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The human body is a complex machine: many different systems work together to keep us alive and functioning. They include the cardiovascular, respiratory, muscular and skeletal systems. Each of these systems peak at different ages and unfortunately all start to decline at some point in our adult lives. But they all decline at different rates and on average this is all linked to your lifestyle and how much exercise you continue to do as you get into later life. The more active you are, the stronger these four systems are, slowing the process of aging. If you don't do any exercise, then you at a risk of starting to become "old" and daily functions become a lot harder sooner.
Cardiovascular And Respiratory Systems
The cardiovascular system encompasses the heart, arteries, veins and other blood vessels that provide the network for delivering blood and nutrients and oxygen around the body. The respiratory system is the lungs and how we breathe. These systems always work together and are often referred to as the cardio-respiratory system. Together, they allow us to be able to complete long-term exercise. The maximum capacity that they can work at is called the VO2 max which is the maximum amount of oxygen that the body can deliver — and this determines your upper level for stamina. This peaks at the age of 25! After that age, your VO2 max declines by one percent a year on average.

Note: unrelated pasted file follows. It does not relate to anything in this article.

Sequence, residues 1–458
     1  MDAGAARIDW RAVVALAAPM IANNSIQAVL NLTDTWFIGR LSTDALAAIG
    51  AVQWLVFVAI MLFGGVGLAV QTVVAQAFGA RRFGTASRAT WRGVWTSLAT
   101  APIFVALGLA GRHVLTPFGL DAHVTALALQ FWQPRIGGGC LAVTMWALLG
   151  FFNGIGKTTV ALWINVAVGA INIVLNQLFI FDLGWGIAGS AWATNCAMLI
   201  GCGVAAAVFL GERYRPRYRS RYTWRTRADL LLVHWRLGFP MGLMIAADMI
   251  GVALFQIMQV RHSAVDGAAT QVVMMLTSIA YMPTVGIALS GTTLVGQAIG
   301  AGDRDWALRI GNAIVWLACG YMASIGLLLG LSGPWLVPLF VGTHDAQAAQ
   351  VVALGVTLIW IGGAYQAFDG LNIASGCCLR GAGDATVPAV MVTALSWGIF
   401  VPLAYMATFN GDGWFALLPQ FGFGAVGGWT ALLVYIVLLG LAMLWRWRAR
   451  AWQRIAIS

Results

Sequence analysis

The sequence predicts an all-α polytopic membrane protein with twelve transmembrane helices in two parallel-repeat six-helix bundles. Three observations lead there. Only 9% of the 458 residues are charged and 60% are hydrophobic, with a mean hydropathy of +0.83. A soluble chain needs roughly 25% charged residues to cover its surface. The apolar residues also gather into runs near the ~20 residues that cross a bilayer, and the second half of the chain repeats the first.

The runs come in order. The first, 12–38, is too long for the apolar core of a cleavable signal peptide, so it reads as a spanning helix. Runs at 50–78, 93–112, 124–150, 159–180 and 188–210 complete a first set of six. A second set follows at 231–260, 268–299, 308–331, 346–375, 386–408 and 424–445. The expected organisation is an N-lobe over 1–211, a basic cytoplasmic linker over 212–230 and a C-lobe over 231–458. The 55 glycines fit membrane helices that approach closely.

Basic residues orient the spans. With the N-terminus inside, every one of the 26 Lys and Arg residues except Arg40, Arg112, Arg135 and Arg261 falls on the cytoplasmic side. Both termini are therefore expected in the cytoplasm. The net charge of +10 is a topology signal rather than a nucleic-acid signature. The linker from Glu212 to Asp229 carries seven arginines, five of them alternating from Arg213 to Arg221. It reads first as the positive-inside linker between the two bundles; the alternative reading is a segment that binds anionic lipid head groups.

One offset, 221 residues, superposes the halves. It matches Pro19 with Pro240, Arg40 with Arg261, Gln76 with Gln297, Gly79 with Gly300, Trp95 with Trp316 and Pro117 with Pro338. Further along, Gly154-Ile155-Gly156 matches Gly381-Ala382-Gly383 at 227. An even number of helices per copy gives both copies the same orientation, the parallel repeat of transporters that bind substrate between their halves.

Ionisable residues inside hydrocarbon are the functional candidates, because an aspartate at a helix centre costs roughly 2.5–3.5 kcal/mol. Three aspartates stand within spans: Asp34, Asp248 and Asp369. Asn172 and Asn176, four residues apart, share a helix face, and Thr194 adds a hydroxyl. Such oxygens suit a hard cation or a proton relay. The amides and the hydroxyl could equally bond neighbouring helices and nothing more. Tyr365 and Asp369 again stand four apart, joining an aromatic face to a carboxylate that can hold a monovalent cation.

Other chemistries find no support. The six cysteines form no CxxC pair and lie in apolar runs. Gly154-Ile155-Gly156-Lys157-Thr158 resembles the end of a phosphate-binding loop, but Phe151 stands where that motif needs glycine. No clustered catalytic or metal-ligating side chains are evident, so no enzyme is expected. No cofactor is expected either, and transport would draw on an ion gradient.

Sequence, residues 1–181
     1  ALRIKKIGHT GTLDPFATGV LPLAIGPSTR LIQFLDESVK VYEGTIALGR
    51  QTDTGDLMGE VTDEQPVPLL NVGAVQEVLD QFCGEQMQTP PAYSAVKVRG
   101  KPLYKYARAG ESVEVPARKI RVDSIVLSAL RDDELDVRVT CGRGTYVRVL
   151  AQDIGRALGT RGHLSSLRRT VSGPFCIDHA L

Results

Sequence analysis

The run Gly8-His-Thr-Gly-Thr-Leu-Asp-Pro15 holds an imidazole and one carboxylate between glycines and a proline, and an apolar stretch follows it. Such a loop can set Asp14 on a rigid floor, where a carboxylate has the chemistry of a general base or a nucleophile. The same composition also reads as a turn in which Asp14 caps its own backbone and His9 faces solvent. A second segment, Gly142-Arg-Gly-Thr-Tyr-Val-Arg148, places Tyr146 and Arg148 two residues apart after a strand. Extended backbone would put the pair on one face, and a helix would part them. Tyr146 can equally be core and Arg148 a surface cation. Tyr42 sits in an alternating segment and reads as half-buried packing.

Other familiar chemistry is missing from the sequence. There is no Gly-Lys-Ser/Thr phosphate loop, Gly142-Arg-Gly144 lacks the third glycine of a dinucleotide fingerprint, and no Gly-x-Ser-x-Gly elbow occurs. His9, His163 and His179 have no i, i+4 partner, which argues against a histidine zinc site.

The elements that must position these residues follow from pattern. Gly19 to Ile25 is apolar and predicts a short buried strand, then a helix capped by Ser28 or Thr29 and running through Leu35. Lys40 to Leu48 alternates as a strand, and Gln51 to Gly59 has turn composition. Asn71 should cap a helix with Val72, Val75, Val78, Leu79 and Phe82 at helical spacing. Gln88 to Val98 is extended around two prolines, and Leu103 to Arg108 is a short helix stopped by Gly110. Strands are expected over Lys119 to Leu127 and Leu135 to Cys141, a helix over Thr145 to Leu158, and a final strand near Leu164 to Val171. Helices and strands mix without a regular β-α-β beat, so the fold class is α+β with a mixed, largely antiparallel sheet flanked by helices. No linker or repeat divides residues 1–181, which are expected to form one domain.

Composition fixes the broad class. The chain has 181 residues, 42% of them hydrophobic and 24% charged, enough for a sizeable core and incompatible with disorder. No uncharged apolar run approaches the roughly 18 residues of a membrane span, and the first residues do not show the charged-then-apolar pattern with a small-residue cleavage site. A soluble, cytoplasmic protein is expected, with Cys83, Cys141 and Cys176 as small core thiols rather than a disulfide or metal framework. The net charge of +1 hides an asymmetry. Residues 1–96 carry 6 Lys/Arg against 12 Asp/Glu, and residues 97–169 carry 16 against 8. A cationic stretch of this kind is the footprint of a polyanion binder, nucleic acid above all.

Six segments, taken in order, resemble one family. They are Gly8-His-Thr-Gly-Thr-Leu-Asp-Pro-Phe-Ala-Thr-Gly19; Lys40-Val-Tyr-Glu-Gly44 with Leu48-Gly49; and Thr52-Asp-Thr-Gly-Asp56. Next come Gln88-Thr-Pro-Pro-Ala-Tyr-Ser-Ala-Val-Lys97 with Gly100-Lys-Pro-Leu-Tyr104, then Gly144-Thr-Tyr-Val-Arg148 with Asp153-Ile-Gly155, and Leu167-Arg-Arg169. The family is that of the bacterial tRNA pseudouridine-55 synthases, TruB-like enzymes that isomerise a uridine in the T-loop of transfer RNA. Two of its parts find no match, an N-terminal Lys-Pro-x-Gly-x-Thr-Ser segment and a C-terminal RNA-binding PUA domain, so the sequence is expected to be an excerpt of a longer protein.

Muscular And Skeletal Systems
Again these two systems are normally linked together because the bones and muscles work together to provide us with movement — muscles are a bit like the strings that make our puppet frame (bones) work. As you get older and go through puberty the bones and muscles naturally develop due to a hormone called human growth hormone, in males with the added testosterone they develop a larger muscle mass than women. The bones and muscles reach their peak at approximately 30 which is the point at which the muscles are at their strongest. After this, with no exercise, your muscles and bones become gradually weaker.
Another effect of aging is that the metabolism slows down, which means that fewer calories are burned when at rest. This so suggests that your calorie intake should be lower. However, elderly people tend to be rather slim because the appetite becomes less and the lack of muscle leaves a thinner looking figure.
It is widely accepted that certain types of exercise will help to slow the aging process down and delay the age at which you reach your peak.
Studies have been shown to slow the rate down. An unusual study in the US has found that by infusing young blood into a group of mice can rejuvenate the harmful effects of the ageing process seen above. Villeda (2014) "found that blood from three-month-old mice reversed some age-related changes in the brains of 18-month-old mice. The animals grew more and stronger neural connections in a region called the hippocampus, meaning the brain cells could talk to each other more effectively, according to a report in Nature Medicine. An 18-month-old mouse is considered to be equivalent in age to a 70-year-old person" Villeda, University of California.